7 DAYS OF HARVEY BEFORE THE BRAZOS RIVER REACHES ITS SUGAR LAND PEAK It wasn’t until early this morning that the Brazos River in Sugar Land and Richmond reached its highest level since area flooding triggered by Hurricane Harvey began. And it was a new record, reached at 5:15 am: 55.19 ft., according to the National Weather Service. The previous record, 54.7 ft. — surpassed Thursday at 1:30 am — was set by a flood last year on
Tax Day June 2nd. The photo here shows the river during a rare moment of sunshine a day earlier than that — from Hwy. 59 where Greatwood, Riverpark, Telfair, and Sugar Land Memorial Park meet. [Houston Chronicle] Photo: Grace Carlson
REPEATED 100-YEAR FLOODING ADDS UP TO HOUSTON’S WETTEST YEAR AND A HALF ON RECORD Internet weather guy Eric Berger takes a look today at 6 major flooding events in the Houston area over the past year and a half: last year’s Memorial Day flooding, the pre-Memorial Day flooding that preceded it, the Halloween flooding, the pre-Halloween flooding, this year’s Tax Day flooding, and this year’s Memorial Day weekend flooding. The 6 events, Berger writes, collectively pushed Houston’s rainfall total for the 18-month period ending with August up to more than 119 inches of rain, breaking the previous record by more than a foot. “The ultimate cause of this flooding isn’t entirely clear,” Berger writes, noting that none of the rainfall events listed were connected to tropical storms except for the late-October remnants of Pacific hurricane Patricia. But he does add that “it’s safe to say that rapid development of rural areas — converting prairies into concrete — and a warmer climate likely played some role in exacerbating what were already heavy rains.” [Space City Weather; previously on Swamplot] Photo of Brazos River flooding in June 2016: TxDOT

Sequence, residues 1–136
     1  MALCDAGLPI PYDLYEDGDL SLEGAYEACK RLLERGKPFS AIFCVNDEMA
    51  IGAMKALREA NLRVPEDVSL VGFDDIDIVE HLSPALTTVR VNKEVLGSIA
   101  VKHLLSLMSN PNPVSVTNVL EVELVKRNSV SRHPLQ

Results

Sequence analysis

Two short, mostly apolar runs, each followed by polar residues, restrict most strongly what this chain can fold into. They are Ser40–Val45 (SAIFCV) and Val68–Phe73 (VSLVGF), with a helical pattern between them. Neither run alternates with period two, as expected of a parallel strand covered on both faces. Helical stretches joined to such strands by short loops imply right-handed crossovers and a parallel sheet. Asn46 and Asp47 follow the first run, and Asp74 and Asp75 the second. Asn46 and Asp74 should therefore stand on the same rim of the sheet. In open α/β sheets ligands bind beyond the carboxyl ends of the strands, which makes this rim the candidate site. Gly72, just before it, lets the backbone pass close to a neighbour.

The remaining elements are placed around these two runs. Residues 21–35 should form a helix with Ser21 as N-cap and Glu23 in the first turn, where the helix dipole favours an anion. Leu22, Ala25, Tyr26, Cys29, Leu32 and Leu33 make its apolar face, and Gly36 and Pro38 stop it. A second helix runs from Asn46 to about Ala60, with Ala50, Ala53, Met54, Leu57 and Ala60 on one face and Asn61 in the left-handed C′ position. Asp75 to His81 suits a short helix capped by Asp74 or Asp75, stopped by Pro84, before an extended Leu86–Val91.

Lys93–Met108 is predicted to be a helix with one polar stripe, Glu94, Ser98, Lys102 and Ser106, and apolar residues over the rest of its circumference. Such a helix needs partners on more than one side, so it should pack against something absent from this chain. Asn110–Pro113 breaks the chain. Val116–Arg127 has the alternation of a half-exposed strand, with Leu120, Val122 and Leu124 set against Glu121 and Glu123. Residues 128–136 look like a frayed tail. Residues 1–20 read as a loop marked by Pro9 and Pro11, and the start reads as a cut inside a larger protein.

TxDOT has been doing some circling around over the thoroughly soaked Brazos River valley this week grabbing a few snapshots, including some taken yesterday morning as 31 East and Central Texas counties picked up flood-related disaster declarations from the governor’s office. Running north-to-south (right-to-left) under the murky waters shown above is FM 723 in Rosenberg, TX; you can spot the bridge rising up to cross the river’s normal channel on the left side of the photo, while SH 36 stretches away to the northwest.
Flash- and non-flash flood warnings are in effect around the region through at least Friday night, depending on how intense the rest of this week’s predicted downpours turn out to be. Meanwhile, the already-feet-past-the-previous-record flood gauge at nearby Richmond, TX, is still creeping upward this morning toward 55 ft.:
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Water Under the Bridges